Twenty designers were faced with the 4th annual DC Design House challenge to transform the spaces in a 1925 English Country Tudor home in Washington, but all for a good cause. Three hundred guests, including the designers, their teams, volunteers, and supporters gathered together to get a sneak peek at the redesigned rooms. The show house is open to visitors until May 8th.
The designers included Scott Brinitzer and Jeff Potter (outdoor spaces), Iantha Carley (master bedroom and dressing area), Nancy Colbert (library), Barbara Franceski (family room), Samantha Friedman (bedroom), Jason Hodges (bathroom), Stuart McCormick of Liz Levin Interiors (foyer), Lauren Liess (bedroom), Gary Lovejoy (sunroom), Allie Mann/Case Design (bathroom), Cindy McClure (bathroom), David Mitchell (bedroom), Erin Paige Pitts (pool room), James Rill/Rill Architects (front exterior portico), Camille Saum (dining room), Whitney Stewart (garden room), Nadia Subaran/Aidan Design (pool kitchen), Patrick Sutton (living room) and Denise Willard (powder room).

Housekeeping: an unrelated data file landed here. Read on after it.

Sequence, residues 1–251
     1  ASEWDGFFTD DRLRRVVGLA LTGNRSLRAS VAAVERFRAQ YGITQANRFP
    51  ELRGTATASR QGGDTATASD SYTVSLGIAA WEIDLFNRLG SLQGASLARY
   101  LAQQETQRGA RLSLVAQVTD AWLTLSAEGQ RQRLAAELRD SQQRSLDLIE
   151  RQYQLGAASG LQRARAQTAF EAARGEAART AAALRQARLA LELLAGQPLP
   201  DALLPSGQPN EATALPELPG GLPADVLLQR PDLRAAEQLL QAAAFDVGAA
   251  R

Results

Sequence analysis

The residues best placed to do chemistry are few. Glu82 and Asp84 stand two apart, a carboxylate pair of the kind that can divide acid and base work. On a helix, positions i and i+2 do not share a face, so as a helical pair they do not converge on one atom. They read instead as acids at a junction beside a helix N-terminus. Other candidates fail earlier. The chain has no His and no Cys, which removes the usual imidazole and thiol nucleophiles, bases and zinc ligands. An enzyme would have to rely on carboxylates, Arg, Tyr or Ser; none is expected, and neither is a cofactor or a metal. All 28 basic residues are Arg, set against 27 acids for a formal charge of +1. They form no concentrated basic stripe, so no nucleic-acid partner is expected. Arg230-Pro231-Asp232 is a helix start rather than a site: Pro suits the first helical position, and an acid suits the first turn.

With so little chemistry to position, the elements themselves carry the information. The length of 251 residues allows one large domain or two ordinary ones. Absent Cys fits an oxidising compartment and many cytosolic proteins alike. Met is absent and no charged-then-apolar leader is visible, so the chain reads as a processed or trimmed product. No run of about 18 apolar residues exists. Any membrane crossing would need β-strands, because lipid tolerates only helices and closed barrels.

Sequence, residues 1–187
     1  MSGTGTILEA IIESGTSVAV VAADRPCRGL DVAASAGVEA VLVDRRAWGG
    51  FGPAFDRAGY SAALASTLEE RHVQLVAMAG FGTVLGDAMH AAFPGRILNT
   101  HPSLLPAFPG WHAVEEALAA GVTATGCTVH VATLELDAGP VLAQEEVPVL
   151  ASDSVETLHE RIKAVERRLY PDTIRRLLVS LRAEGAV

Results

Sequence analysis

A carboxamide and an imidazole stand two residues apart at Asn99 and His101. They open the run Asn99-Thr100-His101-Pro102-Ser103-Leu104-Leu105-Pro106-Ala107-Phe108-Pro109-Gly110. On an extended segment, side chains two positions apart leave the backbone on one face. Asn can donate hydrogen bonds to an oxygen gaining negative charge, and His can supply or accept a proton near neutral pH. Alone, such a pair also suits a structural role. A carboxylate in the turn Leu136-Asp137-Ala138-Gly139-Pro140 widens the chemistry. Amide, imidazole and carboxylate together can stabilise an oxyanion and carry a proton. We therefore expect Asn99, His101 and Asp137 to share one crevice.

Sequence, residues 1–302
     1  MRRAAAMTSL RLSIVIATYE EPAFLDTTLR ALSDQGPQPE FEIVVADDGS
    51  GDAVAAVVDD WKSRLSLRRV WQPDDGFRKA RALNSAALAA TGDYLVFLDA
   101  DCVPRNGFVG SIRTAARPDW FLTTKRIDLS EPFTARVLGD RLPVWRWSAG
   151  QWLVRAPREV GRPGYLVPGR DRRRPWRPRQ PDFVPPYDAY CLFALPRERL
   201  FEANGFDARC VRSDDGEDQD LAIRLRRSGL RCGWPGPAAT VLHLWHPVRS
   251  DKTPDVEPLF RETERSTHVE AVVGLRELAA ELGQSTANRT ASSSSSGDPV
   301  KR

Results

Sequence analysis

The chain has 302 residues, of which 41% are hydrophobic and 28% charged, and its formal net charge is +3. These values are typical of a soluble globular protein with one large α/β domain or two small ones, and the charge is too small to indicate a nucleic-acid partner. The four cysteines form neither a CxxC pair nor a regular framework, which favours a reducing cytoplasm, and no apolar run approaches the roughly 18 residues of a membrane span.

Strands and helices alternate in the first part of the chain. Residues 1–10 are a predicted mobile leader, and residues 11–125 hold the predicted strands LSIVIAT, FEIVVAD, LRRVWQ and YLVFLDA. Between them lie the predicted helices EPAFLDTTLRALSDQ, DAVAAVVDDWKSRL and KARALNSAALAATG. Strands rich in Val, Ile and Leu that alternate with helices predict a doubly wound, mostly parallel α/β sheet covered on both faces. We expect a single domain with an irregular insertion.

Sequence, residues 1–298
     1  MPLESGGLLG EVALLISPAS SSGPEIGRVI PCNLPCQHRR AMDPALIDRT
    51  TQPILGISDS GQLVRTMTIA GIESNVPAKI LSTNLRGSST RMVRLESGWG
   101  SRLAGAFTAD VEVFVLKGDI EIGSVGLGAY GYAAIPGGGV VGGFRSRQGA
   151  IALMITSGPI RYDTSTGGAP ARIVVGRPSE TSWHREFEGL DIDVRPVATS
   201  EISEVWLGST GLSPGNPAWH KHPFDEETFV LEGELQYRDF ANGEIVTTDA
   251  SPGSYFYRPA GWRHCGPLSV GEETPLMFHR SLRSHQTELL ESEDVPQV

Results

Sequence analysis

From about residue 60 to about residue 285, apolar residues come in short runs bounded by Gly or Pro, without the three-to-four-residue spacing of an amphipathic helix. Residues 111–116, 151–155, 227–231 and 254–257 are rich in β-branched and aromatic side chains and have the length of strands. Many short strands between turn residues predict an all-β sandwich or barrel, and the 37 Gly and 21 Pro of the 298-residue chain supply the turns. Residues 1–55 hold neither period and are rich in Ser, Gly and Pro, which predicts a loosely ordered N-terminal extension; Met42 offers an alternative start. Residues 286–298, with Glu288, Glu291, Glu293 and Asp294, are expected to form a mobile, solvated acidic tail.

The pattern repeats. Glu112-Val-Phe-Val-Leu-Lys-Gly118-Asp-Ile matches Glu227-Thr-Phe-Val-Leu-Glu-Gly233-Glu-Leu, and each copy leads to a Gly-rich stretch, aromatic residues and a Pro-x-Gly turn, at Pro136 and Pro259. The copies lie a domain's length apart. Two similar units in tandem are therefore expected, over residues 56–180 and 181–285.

The redesigned home, located in Forest Hills, was originally built for George N. Everett, the second vice president and treasurer of Woodward & Lothrop department stores. The late George Wasserman, one of the founders of the Hebrew Home of Greater Washington, then purchased the home in 1947 and it has stayed within the Wasserman family ever since.
For the past three years, DC Design House has raised over $400,000 for the Children’s National Medical Center. In addition to the redesigned spaces, a variety of boutiques will be selling decorative items and a portion of the proceeds will also go to Children’s National Medical Center. The boutiques include John Matthew Moore Fine Art & Home, For Ewe, Fran Spaeder, Ibhana Creations, Insiders, Jeff L. Designs, Life’s A Beach, and Whyte House Monograms.
The mission of Children’s National Medical Center is “ to excel in Care, Advocacy, Research and Education” by providing “Providing a quality health care experience for patients and families, improving health outcomes for children regionally, nationally, and internationally, and leading the creation of innovative solutions to pediatric health challenges.”
The DC Design House is open to the public Saturday and Sunday noon to 5 p.m. and Tuesday-Friday 10 a.m. to 3 p.m. from now until May 8th.
No food or drink, children under age 8 including infants, photography, pets or high heels. Not wheelchair accessible.
The $20 tickets can be purchased online or at the house. For more information, visit the DC Design House website.